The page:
Posted by: Sean Charnock | 04.06.2017
Technology is truly marvelous. Can we all take a quick second to just acknowledge that? With so many new developments emerging every day, it can be hard to keep up with what is possible. Artificial intelligence, machine learning, neural networks, etc. have all allowed for exponential growth in human capabilities, and soon will be an integral part of nearly everything we use in our day to day lives.
Buzzwords have always confounded me and how a single word and/or phrase can be used to describe such encompassing movements is almost comical. Ask a group of ten what ‘the cloud’ is and the wide varying responses could be wildly different. In that vein, two techy buzzwords have been circulating recently that have many people a bit confused: predictive and prescriptive. These are two key concepts for the future of automation, yet many are still a bit unsure about what each of them mean. In terms of customer experience, they might be the two most important concepts to know.
Predictive technologies, namely predictive analytics, synthesize data to (as the name implies) predict the future actions of potential customers. Drawing upon such factors as buying history, preferences, contact history, and any other touchpoints that consumers might have with your business, new technologies are able to give customer engagement leaders a clearer picture of how their customers are actually interacting with them. This can dictate what actions companies should take in the future to make experiences quicker and easier for consumers.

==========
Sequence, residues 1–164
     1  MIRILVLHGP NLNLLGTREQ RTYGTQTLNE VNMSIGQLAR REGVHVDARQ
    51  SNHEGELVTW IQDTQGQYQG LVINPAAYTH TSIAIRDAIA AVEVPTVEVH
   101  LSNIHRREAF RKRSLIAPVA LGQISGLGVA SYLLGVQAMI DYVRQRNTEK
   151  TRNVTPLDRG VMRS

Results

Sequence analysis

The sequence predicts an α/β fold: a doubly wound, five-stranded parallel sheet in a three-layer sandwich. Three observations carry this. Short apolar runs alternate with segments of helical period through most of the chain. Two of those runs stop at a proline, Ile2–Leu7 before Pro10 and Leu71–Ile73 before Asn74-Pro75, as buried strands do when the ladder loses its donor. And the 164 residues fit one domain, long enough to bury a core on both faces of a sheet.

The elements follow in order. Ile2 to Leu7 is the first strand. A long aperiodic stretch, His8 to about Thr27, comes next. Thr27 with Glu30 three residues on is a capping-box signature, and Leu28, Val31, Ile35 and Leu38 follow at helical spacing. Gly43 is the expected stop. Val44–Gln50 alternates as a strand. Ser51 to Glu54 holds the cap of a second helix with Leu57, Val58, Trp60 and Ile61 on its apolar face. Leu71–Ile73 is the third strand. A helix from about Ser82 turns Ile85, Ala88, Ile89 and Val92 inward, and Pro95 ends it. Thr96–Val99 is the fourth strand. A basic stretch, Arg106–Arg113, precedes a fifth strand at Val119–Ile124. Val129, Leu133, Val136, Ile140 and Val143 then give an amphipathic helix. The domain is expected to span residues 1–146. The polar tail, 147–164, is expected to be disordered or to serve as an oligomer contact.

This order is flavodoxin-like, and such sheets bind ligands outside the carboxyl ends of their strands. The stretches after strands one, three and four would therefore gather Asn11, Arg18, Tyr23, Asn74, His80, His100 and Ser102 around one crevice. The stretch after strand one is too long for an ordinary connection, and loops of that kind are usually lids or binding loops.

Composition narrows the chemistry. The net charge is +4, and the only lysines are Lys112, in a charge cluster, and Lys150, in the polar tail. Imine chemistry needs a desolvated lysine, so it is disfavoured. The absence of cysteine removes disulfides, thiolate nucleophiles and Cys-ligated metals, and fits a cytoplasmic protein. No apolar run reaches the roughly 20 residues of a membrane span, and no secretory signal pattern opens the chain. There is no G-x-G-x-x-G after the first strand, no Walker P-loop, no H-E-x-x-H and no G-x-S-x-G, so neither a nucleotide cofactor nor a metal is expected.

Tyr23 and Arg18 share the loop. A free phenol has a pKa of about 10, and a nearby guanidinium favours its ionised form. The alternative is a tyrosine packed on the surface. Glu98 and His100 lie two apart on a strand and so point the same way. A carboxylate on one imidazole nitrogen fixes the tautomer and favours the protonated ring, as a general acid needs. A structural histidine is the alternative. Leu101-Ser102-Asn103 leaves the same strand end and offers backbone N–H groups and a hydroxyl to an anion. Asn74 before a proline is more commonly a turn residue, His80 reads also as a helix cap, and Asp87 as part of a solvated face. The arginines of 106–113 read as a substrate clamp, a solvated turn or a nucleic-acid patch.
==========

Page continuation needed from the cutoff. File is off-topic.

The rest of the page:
Prescriptive technologies, however, are those that takes the same information and uses it to generate offers and make decisions for customers. Whereas predictive technologies are predominantly inward-facing (driving internal decisions), prescriptive technologies are outward facing (using data to drive buyer decisions). I’m sure you’ve seen prescriptive technologies in action, as every time you log on to Amazon there is a rather large “Recommended for You” section, which are customer-facing offers generated by synthesizing past data.
After gaining a better understanding of what these concepts are, you can really start to think about implementing them into your customer engagement offerings. Innovative companies like Amazon, Spotify, and Salesforce are already using predictive and prescriptive technologies in their offerings today, and, as you might expect, they are some of the most well respected brands for user and customer experience. When businesses have the ability to anticipate and meet the needs of their customers, they are able to build more trust and intimacy with their clients. Reducing the effort for the customer means that there should be no barriers preventing them from coming to you for business and staying with you.
Want to put these technologies to work for your business? Talk to us.